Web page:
Most recently the Baker Administration released a draft of the roadmap to achieve zero emissions by 2050, part of which include the 2030 Clean Energy and Climate Plan (CECP). This plan establishes carbon reduction goals of 45% by 2030, and we are currently at 22% meaning this plan will require the building of more renewables, and electrification of sectors. A copy of the Net Zero Emissions by 2050 Roadmap can be found here.
The 2050 Roadmap presents eight pathways to achieve Net Zero emissions including supportive data such as analysis of potential energy resources, projected energy demand, necessary to limit the emissions established by the Commonwealth. The following are some sections in the Roadmap: Energy Supply; Transportation; Buildings; Land Use; Non-energy; and Economic and Health Impacts.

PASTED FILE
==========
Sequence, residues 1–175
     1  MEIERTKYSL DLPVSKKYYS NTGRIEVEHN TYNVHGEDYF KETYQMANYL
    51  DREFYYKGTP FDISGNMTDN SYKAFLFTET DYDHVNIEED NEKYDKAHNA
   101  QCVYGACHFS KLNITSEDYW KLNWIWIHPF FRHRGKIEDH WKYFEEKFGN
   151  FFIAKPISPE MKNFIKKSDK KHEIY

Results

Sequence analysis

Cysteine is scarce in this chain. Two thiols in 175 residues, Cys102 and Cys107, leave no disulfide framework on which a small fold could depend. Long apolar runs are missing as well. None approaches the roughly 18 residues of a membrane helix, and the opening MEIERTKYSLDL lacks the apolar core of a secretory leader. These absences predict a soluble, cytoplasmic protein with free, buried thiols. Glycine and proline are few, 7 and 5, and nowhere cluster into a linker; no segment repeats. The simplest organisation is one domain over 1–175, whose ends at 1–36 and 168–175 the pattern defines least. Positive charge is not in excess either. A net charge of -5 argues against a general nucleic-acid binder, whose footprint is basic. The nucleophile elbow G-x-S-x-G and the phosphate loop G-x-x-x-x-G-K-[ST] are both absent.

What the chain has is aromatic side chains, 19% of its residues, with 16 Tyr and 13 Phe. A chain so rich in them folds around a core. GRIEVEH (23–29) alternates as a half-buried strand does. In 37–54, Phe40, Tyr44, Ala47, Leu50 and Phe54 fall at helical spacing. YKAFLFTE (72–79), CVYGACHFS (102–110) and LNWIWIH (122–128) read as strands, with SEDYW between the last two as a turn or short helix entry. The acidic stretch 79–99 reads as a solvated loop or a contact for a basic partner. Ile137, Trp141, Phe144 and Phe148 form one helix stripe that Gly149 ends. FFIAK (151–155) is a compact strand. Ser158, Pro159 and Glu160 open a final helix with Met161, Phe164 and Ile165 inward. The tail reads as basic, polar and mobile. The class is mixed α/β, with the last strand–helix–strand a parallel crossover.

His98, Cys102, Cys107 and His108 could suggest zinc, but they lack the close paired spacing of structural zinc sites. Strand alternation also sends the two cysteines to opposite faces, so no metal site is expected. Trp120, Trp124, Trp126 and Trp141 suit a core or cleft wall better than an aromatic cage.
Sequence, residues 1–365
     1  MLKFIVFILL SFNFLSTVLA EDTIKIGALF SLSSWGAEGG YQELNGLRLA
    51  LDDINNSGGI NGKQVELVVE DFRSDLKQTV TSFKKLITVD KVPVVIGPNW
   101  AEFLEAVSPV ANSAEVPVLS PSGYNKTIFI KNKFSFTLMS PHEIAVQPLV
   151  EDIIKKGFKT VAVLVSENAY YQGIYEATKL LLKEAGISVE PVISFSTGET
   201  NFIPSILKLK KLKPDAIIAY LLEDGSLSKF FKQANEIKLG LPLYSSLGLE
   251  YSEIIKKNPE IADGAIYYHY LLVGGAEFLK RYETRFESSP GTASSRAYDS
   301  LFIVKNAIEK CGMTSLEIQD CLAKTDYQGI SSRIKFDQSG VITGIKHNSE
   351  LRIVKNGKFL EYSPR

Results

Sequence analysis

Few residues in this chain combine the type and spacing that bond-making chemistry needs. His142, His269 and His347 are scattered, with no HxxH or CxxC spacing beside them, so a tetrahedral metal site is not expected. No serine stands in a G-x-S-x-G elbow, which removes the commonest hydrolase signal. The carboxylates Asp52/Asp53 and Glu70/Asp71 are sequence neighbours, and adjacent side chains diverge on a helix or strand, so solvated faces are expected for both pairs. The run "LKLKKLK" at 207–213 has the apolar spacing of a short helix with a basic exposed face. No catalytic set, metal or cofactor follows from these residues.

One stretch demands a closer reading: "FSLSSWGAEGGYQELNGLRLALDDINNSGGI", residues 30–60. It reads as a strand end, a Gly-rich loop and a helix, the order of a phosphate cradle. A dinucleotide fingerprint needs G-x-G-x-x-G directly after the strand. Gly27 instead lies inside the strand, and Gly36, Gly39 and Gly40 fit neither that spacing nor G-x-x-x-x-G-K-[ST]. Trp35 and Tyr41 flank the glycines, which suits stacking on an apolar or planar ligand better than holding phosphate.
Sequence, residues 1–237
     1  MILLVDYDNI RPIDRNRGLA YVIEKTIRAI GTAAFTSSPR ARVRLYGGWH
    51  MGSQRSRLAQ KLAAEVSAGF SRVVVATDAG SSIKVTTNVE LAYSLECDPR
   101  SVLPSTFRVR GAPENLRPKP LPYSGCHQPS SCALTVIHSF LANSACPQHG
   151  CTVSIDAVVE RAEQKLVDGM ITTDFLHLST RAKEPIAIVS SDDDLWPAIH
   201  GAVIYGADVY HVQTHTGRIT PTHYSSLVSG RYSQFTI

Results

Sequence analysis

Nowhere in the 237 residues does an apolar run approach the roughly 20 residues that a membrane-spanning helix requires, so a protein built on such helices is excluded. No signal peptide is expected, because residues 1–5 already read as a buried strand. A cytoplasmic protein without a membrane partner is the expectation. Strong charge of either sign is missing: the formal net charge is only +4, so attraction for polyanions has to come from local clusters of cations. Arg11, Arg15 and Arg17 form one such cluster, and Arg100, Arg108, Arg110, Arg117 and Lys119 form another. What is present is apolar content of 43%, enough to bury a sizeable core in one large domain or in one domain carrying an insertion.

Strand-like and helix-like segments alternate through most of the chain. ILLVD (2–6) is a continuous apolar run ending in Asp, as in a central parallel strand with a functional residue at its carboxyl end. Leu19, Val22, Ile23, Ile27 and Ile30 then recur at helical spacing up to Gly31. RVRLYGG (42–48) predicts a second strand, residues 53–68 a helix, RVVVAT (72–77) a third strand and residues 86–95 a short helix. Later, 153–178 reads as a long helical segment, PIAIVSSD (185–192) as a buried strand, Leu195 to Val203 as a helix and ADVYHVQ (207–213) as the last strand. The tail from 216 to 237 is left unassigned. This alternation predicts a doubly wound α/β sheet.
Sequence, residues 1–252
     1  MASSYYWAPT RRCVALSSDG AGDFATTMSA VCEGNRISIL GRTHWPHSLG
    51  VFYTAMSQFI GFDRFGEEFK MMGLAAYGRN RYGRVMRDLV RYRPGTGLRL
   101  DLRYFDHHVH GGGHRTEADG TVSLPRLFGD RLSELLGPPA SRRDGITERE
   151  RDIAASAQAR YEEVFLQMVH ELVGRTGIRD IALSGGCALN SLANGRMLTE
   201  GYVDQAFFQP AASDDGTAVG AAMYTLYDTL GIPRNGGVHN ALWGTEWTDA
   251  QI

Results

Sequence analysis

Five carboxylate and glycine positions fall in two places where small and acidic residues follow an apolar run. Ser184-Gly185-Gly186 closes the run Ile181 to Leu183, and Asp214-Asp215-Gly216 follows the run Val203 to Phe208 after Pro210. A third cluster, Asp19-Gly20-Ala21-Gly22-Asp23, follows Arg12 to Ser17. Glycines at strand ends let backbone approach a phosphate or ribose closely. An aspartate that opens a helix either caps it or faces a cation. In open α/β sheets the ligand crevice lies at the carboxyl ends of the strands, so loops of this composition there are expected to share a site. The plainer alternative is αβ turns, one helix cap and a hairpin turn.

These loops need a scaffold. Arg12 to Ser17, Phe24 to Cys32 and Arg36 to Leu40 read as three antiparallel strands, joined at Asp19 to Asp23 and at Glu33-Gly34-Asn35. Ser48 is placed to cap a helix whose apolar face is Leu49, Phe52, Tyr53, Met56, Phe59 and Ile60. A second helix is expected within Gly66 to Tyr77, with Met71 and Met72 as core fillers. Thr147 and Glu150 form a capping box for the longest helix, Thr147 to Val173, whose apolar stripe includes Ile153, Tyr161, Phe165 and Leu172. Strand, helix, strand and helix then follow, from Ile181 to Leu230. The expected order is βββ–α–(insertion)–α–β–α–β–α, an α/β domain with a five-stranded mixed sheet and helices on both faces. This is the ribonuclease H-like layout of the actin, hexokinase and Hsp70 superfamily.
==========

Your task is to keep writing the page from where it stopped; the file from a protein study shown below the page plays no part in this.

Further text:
The Roadmap points to the most cost-effective, low-risk path to Net Zero emissions lies on building significant offshore wind, interstate transmission, and widespread electrification of transportation and building heat. Achieving Net Zero emissions will also deliver other benefits to residents of the Commonwealth including a drop in air pollution, and savings in health costs of up to $100M/year by 2030.
Massachusetts is also planning to follow California and require that by 2035, 100% of new light duty vehicles are zero emission vehicles and provide additional incentives for EV charging systems.
To decarbonize buildings Mass Save will work with the state’s GHG emission goals and limit the amount of incentives for fossil-fuel heating systems.
The Roadmap is allowing for the creation of flexible and realistic goals to achieving Net Zero emissions by 2050, in a state which is already leading in this transition.